Pride Over Shame: Why The LGBTQ Community Still Needs Pride Festivals

by Betty Fuentes

My girlfriend, Geo, and I were looking forward to Boston's Pride Festival. She’d never gone to a pride festival, and I’d only been to one other before.

We woke up, had breakfast and headed out to the City Hall Plaza. As soon as we got off the subway, we were greeted by rainbow flags on almost every restaurant, convenience store, bank and bar in eyesight.

We looked at each other and smiled. Following the masses of brightly dressed couples, dogs and babies, we made it to the parade.

Elementary students walked with their teachers, proudly displaying signs of their support for our love. Bands, made up of musicians from our community, played all kinds of music.

Big companies, like Bank of America, Macy’s and TD Bank, welcomed and celebrated all of their customers, no matter their sexual identity or gender. Floats celebrated intersectionality between sexual orientation, race and ethnicity.

Community members reminded us of the importance of fighting against the injustices of a subset of the community (in this case, black trans women).

But the best part, by far, was the families. Two dads stood with their two daughters, who appeared to be 6 and 8.

When Elsa from "Frozen" walked down the parade, they flipped out. Two moms held their beautiful baby boy. Another mom was proudly holding up an “I love my transgender son” poster.

All ethnicities, all income levels, all races and all genders: Every family was celebrated.

When the parade was over, we sat in the audience with our rainbow flags, waiting for Mary Lambert to perform. When she sang “She Keeps Me Warm,” which doubles as mine and Geo’s song, we looked around in awe.

Couples held on to each other a little tighter with their heads together, and some even dropped tears. I held onto Geo’s waist, and her hand placed itself on my knee. After her performance, we headed home.

Imagine, for a second, living a life where no one was like you. For a lot of us, this isn’t hard to imagine.

Maybe it's the color of your skin, your body type or whom you loved. But, you don’t see yourself in your family, in your school, in your neighborhood or on your TV.

You thought you were a misfit because there was no one you could relate to.

That’s how it is for most LGBTQ folks, and this was how it was for me.

Imagine growing up and being taught from a very early age you would marry a gorgeous man and give birth to children. Your children need a father, just as much as you need a husband.

You were told girls didn’t wear basketball shorts or help with setting up the barbecue. Girls wore dresses and helped make breakfast.

Now imagine, once a year, everything you were ever told, everything you always thought about yourself, gets flipped upside down.

Suddenly, you’re not the minority. Somehow, the people around you look like you. They’re holding hands the way you’d like to. They have families, families that look like the one you always knew you wanted.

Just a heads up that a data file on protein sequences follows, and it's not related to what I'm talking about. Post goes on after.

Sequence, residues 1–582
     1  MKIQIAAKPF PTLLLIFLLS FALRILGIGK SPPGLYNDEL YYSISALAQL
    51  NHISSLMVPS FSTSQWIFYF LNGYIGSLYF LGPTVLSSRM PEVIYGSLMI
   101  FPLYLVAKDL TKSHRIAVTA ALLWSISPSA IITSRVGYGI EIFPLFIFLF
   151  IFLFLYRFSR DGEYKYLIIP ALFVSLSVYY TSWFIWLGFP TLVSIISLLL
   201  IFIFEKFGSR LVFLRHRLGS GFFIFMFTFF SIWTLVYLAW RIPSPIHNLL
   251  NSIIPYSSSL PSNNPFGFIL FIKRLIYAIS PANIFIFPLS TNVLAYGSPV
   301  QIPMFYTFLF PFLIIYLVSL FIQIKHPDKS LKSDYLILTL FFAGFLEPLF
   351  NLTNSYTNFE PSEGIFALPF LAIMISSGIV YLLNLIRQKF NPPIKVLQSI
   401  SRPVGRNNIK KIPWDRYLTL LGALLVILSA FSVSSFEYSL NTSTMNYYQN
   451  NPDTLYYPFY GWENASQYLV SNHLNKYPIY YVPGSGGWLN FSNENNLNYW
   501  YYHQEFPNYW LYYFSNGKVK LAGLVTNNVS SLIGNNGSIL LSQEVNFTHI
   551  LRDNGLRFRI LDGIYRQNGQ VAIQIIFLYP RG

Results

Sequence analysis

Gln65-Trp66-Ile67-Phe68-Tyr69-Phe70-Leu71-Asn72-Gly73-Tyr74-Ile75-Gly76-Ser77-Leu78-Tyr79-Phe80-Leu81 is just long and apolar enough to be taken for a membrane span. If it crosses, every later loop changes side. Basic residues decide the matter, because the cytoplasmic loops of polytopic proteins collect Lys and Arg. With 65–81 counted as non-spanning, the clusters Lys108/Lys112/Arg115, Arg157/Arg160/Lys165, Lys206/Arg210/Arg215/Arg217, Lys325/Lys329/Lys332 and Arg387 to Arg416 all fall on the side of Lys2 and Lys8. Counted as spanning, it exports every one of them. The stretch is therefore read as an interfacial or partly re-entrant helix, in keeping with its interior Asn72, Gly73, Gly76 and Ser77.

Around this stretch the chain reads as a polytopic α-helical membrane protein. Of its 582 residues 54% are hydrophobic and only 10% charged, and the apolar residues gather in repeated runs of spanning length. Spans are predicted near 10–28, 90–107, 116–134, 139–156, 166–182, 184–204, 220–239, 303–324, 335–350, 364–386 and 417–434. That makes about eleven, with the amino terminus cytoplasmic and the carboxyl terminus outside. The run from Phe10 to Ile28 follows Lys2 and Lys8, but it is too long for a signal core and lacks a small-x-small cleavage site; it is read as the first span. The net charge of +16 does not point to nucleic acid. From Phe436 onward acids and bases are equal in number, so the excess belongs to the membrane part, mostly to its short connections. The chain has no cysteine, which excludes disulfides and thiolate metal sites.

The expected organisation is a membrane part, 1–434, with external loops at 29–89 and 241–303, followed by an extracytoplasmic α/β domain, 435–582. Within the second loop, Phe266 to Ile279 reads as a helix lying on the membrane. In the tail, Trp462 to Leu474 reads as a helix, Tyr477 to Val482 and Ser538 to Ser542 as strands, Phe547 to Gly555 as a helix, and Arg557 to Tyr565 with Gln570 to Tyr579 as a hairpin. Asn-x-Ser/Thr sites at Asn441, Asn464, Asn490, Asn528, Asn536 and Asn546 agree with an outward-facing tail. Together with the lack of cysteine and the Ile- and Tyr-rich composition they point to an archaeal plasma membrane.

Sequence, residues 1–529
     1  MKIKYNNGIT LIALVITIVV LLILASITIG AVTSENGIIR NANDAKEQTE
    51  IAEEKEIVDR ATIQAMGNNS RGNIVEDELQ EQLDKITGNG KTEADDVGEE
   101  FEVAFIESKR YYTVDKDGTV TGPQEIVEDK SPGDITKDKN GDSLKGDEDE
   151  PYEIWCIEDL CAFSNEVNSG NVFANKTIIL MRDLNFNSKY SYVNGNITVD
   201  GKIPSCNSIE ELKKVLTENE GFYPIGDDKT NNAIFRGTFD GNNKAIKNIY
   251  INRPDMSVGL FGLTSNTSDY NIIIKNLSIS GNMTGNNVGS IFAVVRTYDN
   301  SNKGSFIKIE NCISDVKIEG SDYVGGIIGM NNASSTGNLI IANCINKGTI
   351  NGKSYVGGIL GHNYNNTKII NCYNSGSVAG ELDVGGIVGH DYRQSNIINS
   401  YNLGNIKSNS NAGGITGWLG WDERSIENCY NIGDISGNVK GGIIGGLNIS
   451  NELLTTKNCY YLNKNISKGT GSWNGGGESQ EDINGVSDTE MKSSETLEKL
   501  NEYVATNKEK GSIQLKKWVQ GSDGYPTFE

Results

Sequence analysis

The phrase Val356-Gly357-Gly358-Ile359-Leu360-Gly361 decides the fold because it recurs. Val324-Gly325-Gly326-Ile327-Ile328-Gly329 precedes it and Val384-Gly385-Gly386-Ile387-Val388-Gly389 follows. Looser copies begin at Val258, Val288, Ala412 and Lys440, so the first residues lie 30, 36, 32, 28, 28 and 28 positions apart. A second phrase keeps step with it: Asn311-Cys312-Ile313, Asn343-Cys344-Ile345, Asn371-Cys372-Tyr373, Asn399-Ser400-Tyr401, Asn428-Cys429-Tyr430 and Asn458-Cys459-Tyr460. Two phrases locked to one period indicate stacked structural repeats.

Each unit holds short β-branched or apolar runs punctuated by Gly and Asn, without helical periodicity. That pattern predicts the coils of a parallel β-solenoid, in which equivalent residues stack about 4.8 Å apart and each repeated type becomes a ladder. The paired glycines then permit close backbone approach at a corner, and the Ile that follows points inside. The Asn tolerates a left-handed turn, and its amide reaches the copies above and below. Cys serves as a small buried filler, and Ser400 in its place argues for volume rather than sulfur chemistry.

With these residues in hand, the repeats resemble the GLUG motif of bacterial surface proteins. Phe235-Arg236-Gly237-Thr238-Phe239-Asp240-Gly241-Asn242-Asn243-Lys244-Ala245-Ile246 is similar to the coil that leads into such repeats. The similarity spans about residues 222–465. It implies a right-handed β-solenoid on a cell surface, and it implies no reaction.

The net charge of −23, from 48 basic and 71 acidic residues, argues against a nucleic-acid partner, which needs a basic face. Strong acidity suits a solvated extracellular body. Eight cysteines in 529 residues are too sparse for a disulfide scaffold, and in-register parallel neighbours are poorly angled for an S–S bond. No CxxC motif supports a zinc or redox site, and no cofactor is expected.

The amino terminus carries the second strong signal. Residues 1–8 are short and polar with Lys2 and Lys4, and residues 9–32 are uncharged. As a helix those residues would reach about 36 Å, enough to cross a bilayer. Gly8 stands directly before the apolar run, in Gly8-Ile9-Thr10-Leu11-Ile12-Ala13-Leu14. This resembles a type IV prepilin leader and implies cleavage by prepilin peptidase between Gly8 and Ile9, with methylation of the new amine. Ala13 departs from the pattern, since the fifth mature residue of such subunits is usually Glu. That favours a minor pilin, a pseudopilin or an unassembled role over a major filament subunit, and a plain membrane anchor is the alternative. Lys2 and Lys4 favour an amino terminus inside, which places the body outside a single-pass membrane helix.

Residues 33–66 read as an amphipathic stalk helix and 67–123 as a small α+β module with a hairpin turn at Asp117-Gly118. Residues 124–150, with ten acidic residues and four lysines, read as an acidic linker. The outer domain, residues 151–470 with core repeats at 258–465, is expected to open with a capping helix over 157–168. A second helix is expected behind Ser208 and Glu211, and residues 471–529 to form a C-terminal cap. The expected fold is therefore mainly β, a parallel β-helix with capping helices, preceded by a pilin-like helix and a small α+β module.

You’re not strange. You fit in perfectly. In this space, you are just one of the many.

The whole world tells you to be ashamed of who you are, but on this day, today, you get to be proud.

And then, the day ends.

As Geo and I walked back to the T, we slowly let go of each other's hands, put the multicolored bracelets in our front pockets, folded up the flags and tucked them away in the backpack.

I spill the water left in my bottle over my forearm to wash away the rainbow that was drawn on in a tent at the festival.

In a very movie-ready scene, the colors drip down. There is now no trace of where we were, who we are, or who we love on either of us.

We ride back silently, both of us debriefing in our own minds all the things we saw that Saturday, the night we talked about what a long way this community has come and how long it has to go.

When we were sitting on the steps, we were looking out at this one beautiful family, two moms watching their daughter as she jumped from step to step.

I said, “It’s a good time to be gay.”

And Geo answered, “Yeah, today.”

Because the reality is that most days, almost all days, it's not.

And this is why we need pride festivals.

Until parents no longer assume their daughters will have husbands.

Until the people on my favorite sitcoms love like me.

Until romantic comedies don’t always end with the boy getting the girl.

Until no child is bullied because he or she doesn’t fit the socially constructed molds for what a boy or a girl should look like.

Until every assault and murder of a trans person is prosecuted.

Until acts of violence no longer happen against someone because of gender presentation.

Until children can safely say they have two dads in their classrooms.

Until I can hold my girlfriend's hand without feeling like we are in danger.

Until people can send out a “save the date” card knowing their parents will be there.

We need a pride festival because for one day, at least one day, we deserve to feel proud.